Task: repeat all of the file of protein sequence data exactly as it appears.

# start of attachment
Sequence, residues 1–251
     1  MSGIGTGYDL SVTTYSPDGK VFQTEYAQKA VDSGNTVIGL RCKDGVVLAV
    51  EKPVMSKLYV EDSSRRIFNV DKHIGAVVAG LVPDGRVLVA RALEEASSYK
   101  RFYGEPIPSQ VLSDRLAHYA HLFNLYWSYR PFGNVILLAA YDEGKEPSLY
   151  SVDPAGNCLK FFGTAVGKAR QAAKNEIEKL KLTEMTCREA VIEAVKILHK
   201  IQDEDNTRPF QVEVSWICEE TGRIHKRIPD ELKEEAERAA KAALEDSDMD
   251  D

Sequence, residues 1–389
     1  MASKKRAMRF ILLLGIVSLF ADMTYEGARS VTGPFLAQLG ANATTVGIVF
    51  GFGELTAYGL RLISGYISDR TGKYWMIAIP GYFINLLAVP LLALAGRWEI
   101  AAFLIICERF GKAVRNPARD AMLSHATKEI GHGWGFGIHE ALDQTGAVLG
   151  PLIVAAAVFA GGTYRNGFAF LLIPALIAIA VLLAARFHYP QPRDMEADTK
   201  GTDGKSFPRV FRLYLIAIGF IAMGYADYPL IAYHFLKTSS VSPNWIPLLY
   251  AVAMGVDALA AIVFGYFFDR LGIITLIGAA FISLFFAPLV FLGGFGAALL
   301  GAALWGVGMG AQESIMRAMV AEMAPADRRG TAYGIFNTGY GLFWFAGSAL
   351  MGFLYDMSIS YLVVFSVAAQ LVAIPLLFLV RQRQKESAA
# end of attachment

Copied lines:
Sequence, residues 1–251
     1  MSGIGTGYDL SVTTYSPDGK VFQTEYAQKA VDSGNTVIGL RCKDGVVLAV
    51  EKPVMSKLYV EDSSRRIFNV DKHIGAVVAG LVPDGRVLVA RALEEASSYK
   101  RFYGEPIPSQ VLSDRLAHYA HLFNLYWSYR PFGNVILLAA YDEGKEPSLY
   151  SVDPAGNCLK FFGTAVGKAR QAAKNEIEKL KLTEMTCREA VIEAVKILHK
   201  IQDEDNTRPF QVEVSWICEE TGRIHKRIPD ELKEEAERAA KAALEDSDMD
   251  D

Sequence, residues 1–389
     1  MASKKRAMRF ILLLGIVSLF ADMTYEGARS VTGPFLAQLG ANATTVGIVF
    51  GFGELTAYGL RLISGYISDR TGKYWMIAIP GYFINLLAVP LLALAGRWEI
   101  AAFLIICERF GKAVRNPARD AMLSHATKEI GHGWGFGIHE ALDQTGAVLG
   151  PLIVAAAVFA GGTYRNGFAF LLIPALIAIA VLLAARFHYP QPRDMEADTK
   201  GTDGKSFPRV FRLYLIAIGF IAMGYADYPL IAYHFLKTSS VSPNWIPLLY
   251  AVAMGVDALA AIVFGYFFDR LGIITLIGAA FISLFFAPLV FLGGFGAALL
   301  GAALWGVGMG AQESIMRAMV AEMAPADRRG TAYGIFNTGY GLFWFAGSAL
   351  MGFLYDMSIS YLVVFSVAAQ LVAIPLLFLV RQRQKESAA